I met her once. She’s supercool and everyone just has really good things to say about Charli. That she’s such a hard worker. I really respect the fact that she never… she’s just not willing to sell out. Like, she just wants to make cool shit. And if that means she’s going against what her label wants or it means she’s not making a million dollars, she still does it. She’s a great supporter of other female artists, which I love. She’s always bringing forward more underground female artists.

MB: I feel like she’s an energy within pop music that’s different. And what she’s doing is not formula pop.

AX: Yeah, but at the same time she is able to crank out formula pop, like the Camila Cabello song that just came out. She knows how to do that. But just because she knows how to do that doesn’t mean that she’s going to represent herself that way. And that’s really cool.

MB: Tell me about the drag queens who will be opening all the shows on your tour.

AX: Yeah, we’re working on an idea for the YouTube channel, for drag queens to cover songs of mine if they want. I’m really excited about the tour. I had a fan tweet something like, “You should have a queen open up your shows on tour,” and I was like, “Yeah, that’s a great idea. Let’s do it.” And then we did it. You had to submit a video to prove that you could do it and were a legitimate drag queen. And we did Twitter polls, and in some cities there were ties, so we’ll be having two performers there. But with pretty simple, 10- to 15-minute sets opening the shows.

MB: Will they open by covering your songs?

AX: No, they’ll just be doing their thing, whatever they want to do.

MB: Lip-sync for your life!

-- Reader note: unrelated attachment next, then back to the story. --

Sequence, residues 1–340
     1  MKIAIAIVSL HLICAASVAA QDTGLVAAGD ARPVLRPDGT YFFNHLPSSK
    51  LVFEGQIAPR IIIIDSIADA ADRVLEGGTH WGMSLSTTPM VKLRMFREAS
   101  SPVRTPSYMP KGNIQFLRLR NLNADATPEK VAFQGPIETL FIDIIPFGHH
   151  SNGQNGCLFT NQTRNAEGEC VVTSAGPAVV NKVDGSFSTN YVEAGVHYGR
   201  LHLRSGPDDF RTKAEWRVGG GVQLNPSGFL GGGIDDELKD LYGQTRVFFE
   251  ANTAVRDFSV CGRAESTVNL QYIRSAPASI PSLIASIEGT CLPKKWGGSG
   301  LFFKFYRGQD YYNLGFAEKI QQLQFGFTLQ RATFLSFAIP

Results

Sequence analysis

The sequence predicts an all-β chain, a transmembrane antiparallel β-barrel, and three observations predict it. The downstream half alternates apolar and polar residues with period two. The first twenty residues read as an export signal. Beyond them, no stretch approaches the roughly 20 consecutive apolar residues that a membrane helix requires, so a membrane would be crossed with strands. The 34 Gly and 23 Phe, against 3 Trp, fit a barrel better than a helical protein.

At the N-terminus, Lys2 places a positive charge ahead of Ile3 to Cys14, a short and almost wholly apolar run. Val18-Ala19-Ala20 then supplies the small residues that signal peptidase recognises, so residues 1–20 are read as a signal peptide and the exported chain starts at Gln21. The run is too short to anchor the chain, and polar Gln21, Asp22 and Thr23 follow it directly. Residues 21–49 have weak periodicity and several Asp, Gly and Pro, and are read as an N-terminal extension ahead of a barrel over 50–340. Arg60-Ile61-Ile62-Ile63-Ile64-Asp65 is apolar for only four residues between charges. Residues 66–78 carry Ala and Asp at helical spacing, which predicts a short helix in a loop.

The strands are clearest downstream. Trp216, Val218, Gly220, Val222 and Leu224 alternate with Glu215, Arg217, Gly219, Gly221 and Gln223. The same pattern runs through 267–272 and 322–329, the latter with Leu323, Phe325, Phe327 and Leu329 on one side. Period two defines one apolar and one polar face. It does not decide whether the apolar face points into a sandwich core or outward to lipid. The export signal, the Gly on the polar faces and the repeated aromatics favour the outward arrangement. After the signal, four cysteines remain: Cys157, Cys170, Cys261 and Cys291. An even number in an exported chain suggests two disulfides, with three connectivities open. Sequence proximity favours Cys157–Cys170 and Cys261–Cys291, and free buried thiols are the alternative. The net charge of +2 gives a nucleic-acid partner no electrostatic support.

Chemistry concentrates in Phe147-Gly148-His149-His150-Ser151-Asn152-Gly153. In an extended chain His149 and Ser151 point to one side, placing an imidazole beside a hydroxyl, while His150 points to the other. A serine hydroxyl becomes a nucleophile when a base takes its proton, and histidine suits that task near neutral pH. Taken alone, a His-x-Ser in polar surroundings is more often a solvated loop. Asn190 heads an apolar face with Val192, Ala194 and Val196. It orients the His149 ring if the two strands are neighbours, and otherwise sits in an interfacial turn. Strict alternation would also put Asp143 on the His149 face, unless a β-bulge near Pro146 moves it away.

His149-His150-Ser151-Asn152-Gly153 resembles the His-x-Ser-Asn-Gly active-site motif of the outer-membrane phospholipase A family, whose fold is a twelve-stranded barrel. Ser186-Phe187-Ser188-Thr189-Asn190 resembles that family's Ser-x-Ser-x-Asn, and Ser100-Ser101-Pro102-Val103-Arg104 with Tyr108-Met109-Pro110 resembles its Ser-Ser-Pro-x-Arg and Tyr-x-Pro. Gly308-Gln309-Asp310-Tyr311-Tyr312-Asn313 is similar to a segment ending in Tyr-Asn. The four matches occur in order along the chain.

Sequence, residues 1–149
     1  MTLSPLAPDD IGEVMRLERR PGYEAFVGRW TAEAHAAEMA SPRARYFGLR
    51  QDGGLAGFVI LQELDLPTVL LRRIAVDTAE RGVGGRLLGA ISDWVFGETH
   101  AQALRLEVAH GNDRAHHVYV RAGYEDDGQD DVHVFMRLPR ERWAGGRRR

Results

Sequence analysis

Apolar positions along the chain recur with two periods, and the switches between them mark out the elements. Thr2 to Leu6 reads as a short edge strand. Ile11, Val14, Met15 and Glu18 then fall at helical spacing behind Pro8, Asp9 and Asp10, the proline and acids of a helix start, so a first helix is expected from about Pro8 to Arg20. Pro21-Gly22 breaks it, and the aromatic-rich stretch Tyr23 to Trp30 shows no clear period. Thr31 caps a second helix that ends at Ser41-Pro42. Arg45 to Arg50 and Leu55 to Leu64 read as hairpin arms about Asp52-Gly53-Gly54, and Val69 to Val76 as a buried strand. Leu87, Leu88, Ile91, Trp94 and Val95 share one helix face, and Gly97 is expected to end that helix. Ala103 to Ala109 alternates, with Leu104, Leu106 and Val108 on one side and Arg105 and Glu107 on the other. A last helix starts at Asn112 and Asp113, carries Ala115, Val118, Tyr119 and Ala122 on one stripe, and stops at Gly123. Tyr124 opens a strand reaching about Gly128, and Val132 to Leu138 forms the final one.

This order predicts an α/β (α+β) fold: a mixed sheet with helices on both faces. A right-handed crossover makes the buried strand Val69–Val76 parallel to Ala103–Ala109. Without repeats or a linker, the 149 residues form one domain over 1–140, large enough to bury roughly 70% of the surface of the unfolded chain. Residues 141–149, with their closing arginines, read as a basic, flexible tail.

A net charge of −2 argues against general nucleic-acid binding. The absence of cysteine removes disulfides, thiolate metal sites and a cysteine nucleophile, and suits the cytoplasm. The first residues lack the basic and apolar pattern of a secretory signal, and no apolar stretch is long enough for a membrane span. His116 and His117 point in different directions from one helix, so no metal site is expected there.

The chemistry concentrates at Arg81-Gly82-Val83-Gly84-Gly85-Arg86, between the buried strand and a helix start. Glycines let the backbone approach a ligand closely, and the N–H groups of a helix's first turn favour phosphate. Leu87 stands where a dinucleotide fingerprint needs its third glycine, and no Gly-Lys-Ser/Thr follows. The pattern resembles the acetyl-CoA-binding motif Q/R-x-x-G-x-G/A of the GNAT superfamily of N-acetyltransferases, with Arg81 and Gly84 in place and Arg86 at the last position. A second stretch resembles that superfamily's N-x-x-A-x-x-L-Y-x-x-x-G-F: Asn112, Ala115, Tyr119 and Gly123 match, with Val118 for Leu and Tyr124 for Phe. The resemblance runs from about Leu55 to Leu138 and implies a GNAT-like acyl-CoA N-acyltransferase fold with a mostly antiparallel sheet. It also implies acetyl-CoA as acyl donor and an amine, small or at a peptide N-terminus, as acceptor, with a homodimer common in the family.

AX: Hahaha. Sashay away. No, everyone’s going to be celebrated. I think drag is an amazing art. I’ve always had a fascination with it and drag-queen friends. I love that RuPaul has brought it to the next level. There’s so much work involved, so much thought, so many skills. I’m just doing my little part to celebrate it.

MB: There was a short video I recently saw on Elle.com. It featured a seven-year-old boy who was starting to do drag. And his mom was like, “We were watching RuPaul one day and he decided this is what he likes. He’s really into it.” And some people in the comments, of course, are like, “Oh my God, this kid, how could you…?”

AX: If that’s what the kid wants to do, let him do it! If you’re going to let some seven- year-old be in a beauty pageant…

MB: Right? Or play football, or whatever… I was sort of shocked. And at the same time
I think, without RuPaul and people like that promoting drag online, none of it would be possible. It has opened up a whole world to young people. Because, before, it was like… what age are you when you can first see a drag show? 18 or 21? What age do
you have to be to get into a club? Where can drag queens perform? It’s previously been limited to this specific sort of venue where you can be yourself, but now that it’s on TV and the internet…

AX: Yeah, totally. I don’t know what the comments are but I imagine they’re probably like, “It’s not sexually appropriate for this young boy to be doing drag,” or whatever. But drag doesn’t have much to do with being sexual, it has to do with sexual identity. But it’s not like watching an R-rated movie.

MB: Right.

AX: If I had a son, I hope he would be gay and I would make him watch it.

MB: Haha. Even if he’s not into it, too bad!

AX: “You’re watching this!”

MB: Haha. What are you most looking forward to about the tour?

AX: I’m looking forward to… I’ve been really in my head lately and feeling insecure and it’s good to just get onstage and to own it and to see people…

MB: It becomes real.

AX: Yeah, it does. All I’m looking at [right now] is data and it gets so stressful, and there are so many people on the team and so many industry people here and their irrelevant opinions get to me. So I’m just really looking forward to getting away from that for a second and actually doing the thing that got me into this in the first place, which is performing and letting loose and meeting my fans. It’s always really inspiring to do that.

MB: How does it feel knowing that there are fans waiting for you?

AX: I don’t know. It’s still weird to me to do shows where people know all the words to my songs and are looking at me as if I’m a big deal.

MB: You are!

AX: Haha. And knowing that the things that I wrote from a personal place connect with someone else and help them get through a tough time or something like that—that’s an amazing feeling.